Thursday, 24 April 2014

Monday, 7 April 2014

Roaming Profiles versus Local Profiles

In a Windows network environment, there are many pros and cons involving the use of roaming profiles versus local profiles. In addition to the security matters, there are issues with data loss, file storage, bandwidth, and more. In this article, I will discuss some of the things I have run across in my work in the IT field.
A user profile is a collection of data specific to one user. This includes data like your Favorites in Internet Explorer, your Outlook settings, and so on. Windows is designed to store each user’s data in one location, such as the computer’s hard drive or on a server. When you log into a computer, it loads your user profile data along with whatever software you have set to load at startup.
In case you didn’t know, a roaming profile is a user profile that is stored on a server, and it is downloaded to the PC whenever a user logs in. This way, the user can access their information and settings no matter what computer they log into. A local profile is one that is stored just on one computer, and very little data is transmitted between the PC and the server when the users logs on.

Roaming Profiles

Automatically backs up user data to the server whenever they log out, so that the user doesn’t have to remember to do so.
Allows users to log into multiple computers. This works great in an environment where people don’t have designated desks, such as an open lab.

Security issues. After the user has logged on, a copy of their profile is left on the hard drive. If the computer were to be stolen, this data could easily be compromised.
Slow login times. If a user puts too much data in their profile, it could take a very long time to transfer all that data whenever they log on or off. This could lead to profile corruption.
Bandwidth consumption. Large user profiles take a lot of network bandwidth to transfer data back and forth. Much of this is amounts to wasted bandwidth since many of the files and data transferred are not accessed every time the user logs on.
Maintenance issues. I regularly have to clean old profiles off some computers because those profiles left behind fill the hard drive so much that they prevent other people from logging in. It’s also a fairly regularly problem to have to rebuild user profiles after data has been corrupted during transfer.

Local Profiles

Allows for much faster login times because the user’s data is all stored locally.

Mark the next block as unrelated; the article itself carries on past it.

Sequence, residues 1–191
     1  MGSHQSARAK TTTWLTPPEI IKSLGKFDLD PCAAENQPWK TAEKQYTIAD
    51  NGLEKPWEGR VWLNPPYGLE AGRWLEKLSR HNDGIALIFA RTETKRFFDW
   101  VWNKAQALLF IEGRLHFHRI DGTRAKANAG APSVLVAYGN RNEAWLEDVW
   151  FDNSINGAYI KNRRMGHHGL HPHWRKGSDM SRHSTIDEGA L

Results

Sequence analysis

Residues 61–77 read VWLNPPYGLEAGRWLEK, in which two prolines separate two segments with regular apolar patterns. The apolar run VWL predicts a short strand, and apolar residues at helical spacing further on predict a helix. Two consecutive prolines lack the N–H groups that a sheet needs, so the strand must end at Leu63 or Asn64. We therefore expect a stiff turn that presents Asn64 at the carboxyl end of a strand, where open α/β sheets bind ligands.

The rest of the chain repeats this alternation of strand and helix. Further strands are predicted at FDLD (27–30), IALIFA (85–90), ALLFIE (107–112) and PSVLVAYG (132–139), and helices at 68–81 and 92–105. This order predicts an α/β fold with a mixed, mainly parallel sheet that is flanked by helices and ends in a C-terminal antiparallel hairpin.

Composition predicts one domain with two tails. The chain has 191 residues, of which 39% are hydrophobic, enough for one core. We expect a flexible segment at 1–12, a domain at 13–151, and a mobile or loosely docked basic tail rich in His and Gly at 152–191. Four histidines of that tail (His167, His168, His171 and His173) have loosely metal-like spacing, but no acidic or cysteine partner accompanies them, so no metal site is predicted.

Cuts down on bandwidth consumption because less data is transferred during login and logoff.
Great for people who have a designated desk where they use the same computer every time.
If the user gets on a different PC, they may not be able to access their local data unless they stored some of it on a separate folder on a server.
Security issues. Having all the data stored locally presents a security problem if that PC is stolen.
Potential for data loss. I distinctly remember several people losing important customer data after their computers were destroyed by Hurricane Katrina. These users had been storing data on their hard drives and had no backup copies. When their PC was literally submerged by flood waters, their data washed away with the rest of the machine.


There are as many reasons to use roaming profiles as there are to use local profiles. There are equally as many reasons not to use one over the other. Personally, I think the best solution for a network environment is to provide network server locations for all data storage, then it won’t so much matter if the users are on roaming or local profiles.
The important thing is that users should only be allowed to store a very minimal amount of data in their profile, because it is safer and more secure to keep their data on the server. That way, it doesn’t matter what computer they log into because they can still access their data, and they won’t have to wait for it to download to their machine.
Furthermore, it may help to ‘lock down’ the PC so that the user will be severely limited as to where they store their data. One major problem with roaming profiles is that users tend to dump a lot of data on their Desktop, and this data gets transferred every time they log into a different machine. Users simply should not put any files on the hard drive, and it may require some training in regard to file locations to make sure they don’t do this. Often times, issues with data loss or security breaches come about simply because the user didn’t know what they were doing.

Microsoft Outlook Password Decryptor (Free)

Outlook Password Decryptor is the FREE tool to instantly recover lost mail password for all versions of Microsoft Outlook.
Outlook stores the password for subsequent logins when user selects the 'Remember Password' option during authentication. The password is stored in the encrypted format and only respective user can decrypt the password.
Outlook Password Decryptor can instantly decrypt and recover all these account passwords.

For command-line version, check out our new tool - Outlook Password Dump.

It can recover passwords from all versions starting with 'Outlook Express' to latest version,Outlook 2013.

It works on both 32-bit and 64-bit platforms starting from Windows XP to Windows 8.
Outlook Password Decryptor is the all-in-one tool to recover passwords from all versions of Outlook.
Also it can decrypt passwords from different type of Email account configurations supported by Outlook, such as
  • Exchange Server
  • IMAP
  • POP3
  • SMTP
  • LDAP
  • HTTP